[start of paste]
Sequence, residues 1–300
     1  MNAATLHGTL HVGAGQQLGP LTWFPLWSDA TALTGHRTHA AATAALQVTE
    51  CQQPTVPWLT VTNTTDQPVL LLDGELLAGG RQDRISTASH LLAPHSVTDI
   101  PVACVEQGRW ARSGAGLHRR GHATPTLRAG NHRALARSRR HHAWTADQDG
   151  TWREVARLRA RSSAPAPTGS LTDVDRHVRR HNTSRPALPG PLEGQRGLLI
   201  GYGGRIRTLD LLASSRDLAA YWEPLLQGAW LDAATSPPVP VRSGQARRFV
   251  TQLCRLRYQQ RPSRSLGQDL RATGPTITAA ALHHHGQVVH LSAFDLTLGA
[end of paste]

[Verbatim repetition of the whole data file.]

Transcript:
Sequence, residues 1–300
     1  MNAATLHGTL HVGAGQQLGP LTWFPLWSDA TALTGHRTHA AATAALQVTE
    51  CQQPTVPWLT VTNTTDQPVL LLDGELLAGG RQDRISTASH LLAPHSVTDI
   101  PVACVEQGRW ARSGAGLHRR GHATPTLRAG NHRALARSRR HHAWTADQDG
   151  TWREVARLRA RSSAPAPTGS LTDVDRHVRR HNTSRPALPG PLEGQRGLLI
   201  GYGGRIRTLD LLASSRDLAA YWEPLLQGAW LDAATSPPVP VRSGQARRFV
   251  TQLCRLRYQQ RPSRSLGQDL RATGPTITAA ALHHHGQVVH LSAFDLTLGA